- Tour the ancient city of Herculaneum and see it much as it existed than 2,000 years ago
- See some of the villas of Herculaneum's wealthiest citizens
- Go the Palestra (Big Gym) and feel like an archaeologist exploring the volcanic evidence
All of the ancient town lies at the bottom of an archaeological hole, about 75 feet deep. Getting closer, see the area of the marina where 300 human skeletons were found along with a boat (on display at weekends).
Discover the garden of the “House of the Albergo”, where quince trees have been replanted following evidence of carbonized roots of the ancient fruit tree. Your next stop is the Council Hall of the Augustali, where beautiful frescoes depict Hercules.
Visit the mosaics in the House of Neptune and Amphitrite, and the neighboring store where food and wine containers, carbonised by the volcano, still hang on the walls! Go to the ancient spa, still covered with mosaics from the Roman saunas, gyms, hot rooms, and cold tubs.
Finally, see the most spectacular villa of Herculaneum at Villa Dei Cervi, with its luxurious mosaics, frescoes, and statues.
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How many days are enough for Europe?
You can spend a couple of months exploring Europe and still feel like you have not seen everything. Generally speaking, a two-week Europe trip should be just enough if you are looking to cover its major highlights. However, if you want a comprehensive travel experience within this duration, it is better that you focus on a region or a few countries rather than traveling all over the continent.
Choose a single country or schedule your trip around a handful of cities in different countries. While larger European cities may require three to four days to explore, you can get around smaller destinations in a day or two. Planning your trip around a particular region will cut down your travel time and save your time in transit.
What is the best month to visit Italy?
The best time to visit Italy is between the months of April and June as well as from September to October. The weather on the Italian Peninsula during these months is ideal for going out on sightseeing tours, hiking, and exploring treasures stretching from Palermo to the lagoons of Venice. Traveling to Italy during July and August is avoided by many because of the summer heat and crowds, while the period between November to March sees the fewest visitors in big cities. However, these months coincide with the prime skiing season in the Alps, while southern parts of Italy, such as Sicily, remain relatively warm during this time of year. Find more information here.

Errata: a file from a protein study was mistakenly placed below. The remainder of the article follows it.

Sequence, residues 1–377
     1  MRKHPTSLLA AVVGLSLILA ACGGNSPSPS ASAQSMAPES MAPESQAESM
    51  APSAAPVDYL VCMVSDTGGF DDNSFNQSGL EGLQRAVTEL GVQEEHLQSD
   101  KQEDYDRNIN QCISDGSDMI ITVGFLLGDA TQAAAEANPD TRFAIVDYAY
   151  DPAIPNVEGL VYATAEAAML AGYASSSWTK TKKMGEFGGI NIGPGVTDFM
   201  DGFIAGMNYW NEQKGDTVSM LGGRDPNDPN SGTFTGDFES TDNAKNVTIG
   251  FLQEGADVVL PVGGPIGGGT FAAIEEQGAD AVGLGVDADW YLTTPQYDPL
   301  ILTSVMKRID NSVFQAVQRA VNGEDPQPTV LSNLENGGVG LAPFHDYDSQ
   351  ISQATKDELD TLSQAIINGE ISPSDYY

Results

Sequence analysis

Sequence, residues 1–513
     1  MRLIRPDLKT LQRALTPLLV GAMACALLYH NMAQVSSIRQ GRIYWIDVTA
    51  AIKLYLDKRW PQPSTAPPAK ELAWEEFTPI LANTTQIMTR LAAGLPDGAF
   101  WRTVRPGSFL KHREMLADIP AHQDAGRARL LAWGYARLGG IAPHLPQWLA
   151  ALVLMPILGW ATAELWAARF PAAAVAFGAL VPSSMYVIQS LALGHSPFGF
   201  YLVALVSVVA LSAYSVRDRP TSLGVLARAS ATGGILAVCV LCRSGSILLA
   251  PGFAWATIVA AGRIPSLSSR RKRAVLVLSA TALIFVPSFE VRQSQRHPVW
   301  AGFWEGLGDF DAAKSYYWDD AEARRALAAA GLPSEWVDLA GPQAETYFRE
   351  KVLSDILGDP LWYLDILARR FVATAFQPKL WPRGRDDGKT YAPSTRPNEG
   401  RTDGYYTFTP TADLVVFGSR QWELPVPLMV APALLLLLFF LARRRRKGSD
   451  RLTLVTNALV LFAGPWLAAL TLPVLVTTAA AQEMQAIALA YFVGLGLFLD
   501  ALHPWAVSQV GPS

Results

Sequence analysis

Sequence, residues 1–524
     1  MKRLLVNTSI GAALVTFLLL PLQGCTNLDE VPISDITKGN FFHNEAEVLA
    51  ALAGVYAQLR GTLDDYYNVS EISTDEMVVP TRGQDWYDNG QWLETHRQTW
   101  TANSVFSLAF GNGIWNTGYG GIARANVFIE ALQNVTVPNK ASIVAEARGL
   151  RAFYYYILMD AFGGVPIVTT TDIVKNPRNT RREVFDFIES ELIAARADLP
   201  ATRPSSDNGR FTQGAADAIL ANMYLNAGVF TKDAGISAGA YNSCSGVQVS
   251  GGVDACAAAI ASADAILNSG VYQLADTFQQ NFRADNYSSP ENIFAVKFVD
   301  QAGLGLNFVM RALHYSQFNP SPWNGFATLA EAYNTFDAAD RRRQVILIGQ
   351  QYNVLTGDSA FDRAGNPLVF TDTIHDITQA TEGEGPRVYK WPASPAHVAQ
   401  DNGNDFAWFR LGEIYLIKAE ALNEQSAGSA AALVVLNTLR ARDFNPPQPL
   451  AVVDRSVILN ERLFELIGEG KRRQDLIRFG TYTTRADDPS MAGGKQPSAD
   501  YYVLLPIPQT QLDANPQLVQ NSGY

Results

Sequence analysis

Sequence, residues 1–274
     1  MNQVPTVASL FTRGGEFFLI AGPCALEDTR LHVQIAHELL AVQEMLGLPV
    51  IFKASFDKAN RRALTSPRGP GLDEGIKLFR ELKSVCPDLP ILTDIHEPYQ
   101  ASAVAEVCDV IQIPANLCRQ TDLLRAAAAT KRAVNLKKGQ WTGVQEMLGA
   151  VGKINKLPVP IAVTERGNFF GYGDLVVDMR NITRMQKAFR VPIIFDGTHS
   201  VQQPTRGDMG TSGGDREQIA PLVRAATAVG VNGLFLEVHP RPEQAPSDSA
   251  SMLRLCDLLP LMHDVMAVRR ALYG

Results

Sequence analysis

- Will I need a visa to travel to Italy?
Is an Italian holiday expensive? How do the ATMs work in Italy? What is the currency of Italy?
While it is true that Italy is not an expensive destination, it is not exactly a budget destination either. Your vacation funds will go much further in Italy than they would in Scandinavia or the UK, with daily budgets of around USD150 per person sufficient for mid-range travelers who do not want to miss out on any of the country’s most important sights. Most banks have ATM machines (called bancomat) with English language options. All you need to do is look for the US or the UK flag. Plus, most machines accept both Visa and Mastercard. Please keep in mind that you will withdraw your cash in euros, with EUR1 slightly more than its USD equivalent.
Is English spoken in Italy? Should I learn communication phrases in Italy?
It was not too long ago that finding anyone who spoke English in Italy was an ordeal. This is not the case anymore. Most people in the cities have some understanding of the language, although numbers decrease as you move further into the countryside. Therefore, it is better to know a few basic phrases in Italian (per favore means please and grazi means thank you) if you are heading for the country. This will not only make your stay in the country easier but also ensure that you show respect to the people and their culture.